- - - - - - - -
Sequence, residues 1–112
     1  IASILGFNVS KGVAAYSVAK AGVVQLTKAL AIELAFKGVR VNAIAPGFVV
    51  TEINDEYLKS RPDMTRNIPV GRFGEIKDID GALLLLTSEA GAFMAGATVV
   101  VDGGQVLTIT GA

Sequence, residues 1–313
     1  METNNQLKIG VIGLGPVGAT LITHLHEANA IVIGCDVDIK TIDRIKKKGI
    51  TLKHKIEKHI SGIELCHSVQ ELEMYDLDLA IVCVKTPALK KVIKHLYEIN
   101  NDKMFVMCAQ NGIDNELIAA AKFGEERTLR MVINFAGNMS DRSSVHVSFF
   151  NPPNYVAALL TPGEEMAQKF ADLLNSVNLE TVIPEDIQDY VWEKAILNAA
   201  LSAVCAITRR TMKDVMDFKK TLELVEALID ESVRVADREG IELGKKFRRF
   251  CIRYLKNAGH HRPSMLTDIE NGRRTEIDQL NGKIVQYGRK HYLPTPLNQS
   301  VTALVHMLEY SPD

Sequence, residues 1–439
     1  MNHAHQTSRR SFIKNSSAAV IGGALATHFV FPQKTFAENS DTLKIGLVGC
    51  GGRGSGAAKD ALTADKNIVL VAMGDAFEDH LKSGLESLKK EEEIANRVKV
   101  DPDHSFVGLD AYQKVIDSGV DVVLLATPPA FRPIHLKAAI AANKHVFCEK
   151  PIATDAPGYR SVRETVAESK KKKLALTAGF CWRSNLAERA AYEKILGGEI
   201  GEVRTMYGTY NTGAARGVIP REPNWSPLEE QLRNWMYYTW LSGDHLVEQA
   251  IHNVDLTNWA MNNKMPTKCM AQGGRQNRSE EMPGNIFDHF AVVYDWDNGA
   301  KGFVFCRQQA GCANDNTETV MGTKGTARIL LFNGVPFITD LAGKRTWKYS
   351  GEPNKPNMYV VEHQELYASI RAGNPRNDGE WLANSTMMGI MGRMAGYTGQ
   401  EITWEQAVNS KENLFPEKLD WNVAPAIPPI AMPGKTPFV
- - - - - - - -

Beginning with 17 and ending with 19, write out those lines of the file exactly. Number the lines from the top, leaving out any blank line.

   151  PIATDAPGYR SVRETVAESK KKKLALTAGF CWRSNLAERA AYEKILGGEI
   201  GEVRTMYGTY NTGAARGVIP REPNWSPLEE QLRNWMYYTW LSGDHLVEQA
   251  IHNVDLTNWA MNNKMPTKCM AQGGRQNRSE EMPGNIFDHF AVVYDWDNGA